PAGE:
August 25, 2016

Last week MUIH - my institution - circulated a dress code policy* for our student & faculty clinic that was racist and misogynistic, among other things. When I read it after a friend posted it on social media, I thought it must be satire. "Conservative headwraps to contain and cover dreadlocks are required.” “Cleavage is not permitted.” “Non-naturally-occurring hair colors are not permitted” and on and on it goes.

Thinking about how it must feel to read this policy as someone entering the student clinic made me queasy. If I were starting my work as an intern I wouldn’t feel like I belonged there, and I’m not part of a marginalized group. I felt horrified to be associated with an institution that would put out a policy like this - one that purports to be a place of healing and "oneness.”

Me + the Institution = ?

At times like this, the question, “Do I want to be a part of this?” surfaces. On one hand, the dress code does seem to be the work of a small group of individuals and hadn't received approval from the "higher ups." On the other hand, when you work for an institution that doesn't matter. On some level I represent the institution, and the institution represents me. By being there, by assuming my faculty role, I am a willing participant. 

How important is it for me to be here, to make change, to do what I love to do and what I think I'm good at doing? Am I making a difference in ways that count? Does leaving further concentrate the racism/misogyny within institutions? Is there something I could have done to prevent this from happening? Should I be doing my thing somewhere else? Is it possible for institutions to change in meaningful ways? I think so. But I could be wrong.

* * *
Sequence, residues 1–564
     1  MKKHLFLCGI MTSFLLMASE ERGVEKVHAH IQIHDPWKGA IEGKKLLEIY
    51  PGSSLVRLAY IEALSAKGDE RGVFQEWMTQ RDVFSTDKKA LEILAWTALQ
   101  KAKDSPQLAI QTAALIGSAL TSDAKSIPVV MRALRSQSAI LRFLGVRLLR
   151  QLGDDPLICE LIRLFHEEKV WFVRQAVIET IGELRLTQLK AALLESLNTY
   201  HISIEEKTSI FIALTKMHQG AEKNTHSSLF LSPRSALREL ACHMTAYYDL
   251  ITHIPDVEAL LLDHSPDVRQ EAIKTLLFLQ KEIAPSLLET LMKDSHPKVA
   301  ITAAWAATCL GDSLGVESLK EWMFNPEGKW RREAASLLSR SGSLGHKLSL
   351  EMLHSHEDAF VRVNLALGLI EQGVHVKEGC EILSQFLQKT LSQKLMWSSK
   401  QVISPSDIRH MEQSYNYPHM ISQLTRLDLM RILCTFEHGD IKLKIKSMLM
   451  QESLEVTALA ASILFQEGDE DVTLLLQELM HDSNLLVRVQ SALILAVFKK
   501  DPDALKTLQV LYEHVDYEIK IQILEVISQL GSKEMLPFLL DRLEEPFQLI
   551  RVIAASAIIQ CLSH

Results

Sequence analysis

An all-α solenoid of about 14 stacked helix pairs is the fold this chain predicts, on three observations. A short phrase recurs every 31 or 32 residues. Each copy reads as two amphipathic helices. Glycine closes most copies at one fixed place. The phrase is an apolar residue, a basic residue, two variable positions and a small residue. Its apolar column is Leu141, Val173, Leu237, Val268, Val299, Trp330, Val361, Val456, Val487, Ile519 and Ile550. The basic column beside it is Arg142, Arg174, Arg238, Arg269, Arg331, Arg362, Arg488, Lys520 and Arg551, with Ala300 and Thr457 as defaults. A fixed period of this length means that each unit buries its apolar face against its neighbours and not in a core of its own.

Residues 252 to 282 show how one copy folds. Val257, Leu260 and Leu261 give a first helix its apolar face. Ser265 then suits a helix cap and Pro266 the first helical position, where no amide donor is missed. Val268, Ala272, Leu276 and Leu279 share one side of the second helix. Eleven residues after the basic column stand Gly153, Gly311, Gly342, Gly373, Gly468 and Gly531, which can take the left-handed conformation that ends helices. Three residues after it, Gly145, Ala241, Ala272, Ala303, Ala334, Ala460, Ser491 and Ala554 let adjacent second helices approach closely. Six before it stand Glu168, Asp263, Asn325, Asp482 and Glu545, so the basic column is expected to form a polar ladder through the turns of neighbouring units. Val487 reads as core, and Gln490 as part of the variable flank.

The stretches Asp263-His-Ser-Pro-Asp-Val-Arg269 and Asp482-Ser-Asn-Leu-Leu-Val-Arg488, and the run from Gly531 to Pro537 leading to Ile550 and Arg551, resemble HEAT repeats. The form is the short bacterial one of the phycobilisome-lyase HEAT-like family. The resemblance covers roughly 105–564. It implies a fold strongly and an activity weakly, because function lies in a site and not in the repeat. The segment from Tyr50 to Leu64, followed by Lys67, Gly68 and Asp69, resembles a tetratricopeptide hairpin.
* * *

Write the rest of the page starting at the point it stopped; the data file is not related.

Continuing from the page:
On Voices

After Ferguson, one of the steps I took was to look at how we address race at MUIH. I made a request for the faculty senate to take on this issue, and shortly thereafter a diversity committee was formed. (A small sign of moving in the right direction, which happened more quickly and with less hassle than I had anticipated…) When the call for faculty, staff and student members went out, I chose not to apply although the topic is of high importance for me. I am already on the faculty senate and other committees. I am a ranked, full-time faculty member. There are many spaces for my voice to be heard. I wanted to leave space for people whose voices are not heard. ​Maybe I should have joined. Maybe my presence would be helpful there. These are my own struggles with where to step up and where to step down so that others can be heard.

When it comes to the dress code fiasco, and to the University in general, I think what we're seeing is a lack of diverse voices. Like most (all?) institutions, as we grow we are emphasizing hierarchical power structures that are moving the university into alignment with business models and – I say – away from our original values.

One of the reasons I stay is because I think that we are small enough as an Institution that we could break away. We don't have to do things the way most universities do them. Our small size could be an asset. Theoretically, it should be easier for us to change and to experiment with other models and ways of being. We can still choose something different.

If…If what? I don’t know, really.

On letting go

I'm not an expert on social change, by any stretch of the imagination. But I do know teaching. One of the things I think I bring as a faculty member is a push back against the “normal” way of doing things, a request to rethink our models of teaching & learning, our assumptions about students and spaces and policies.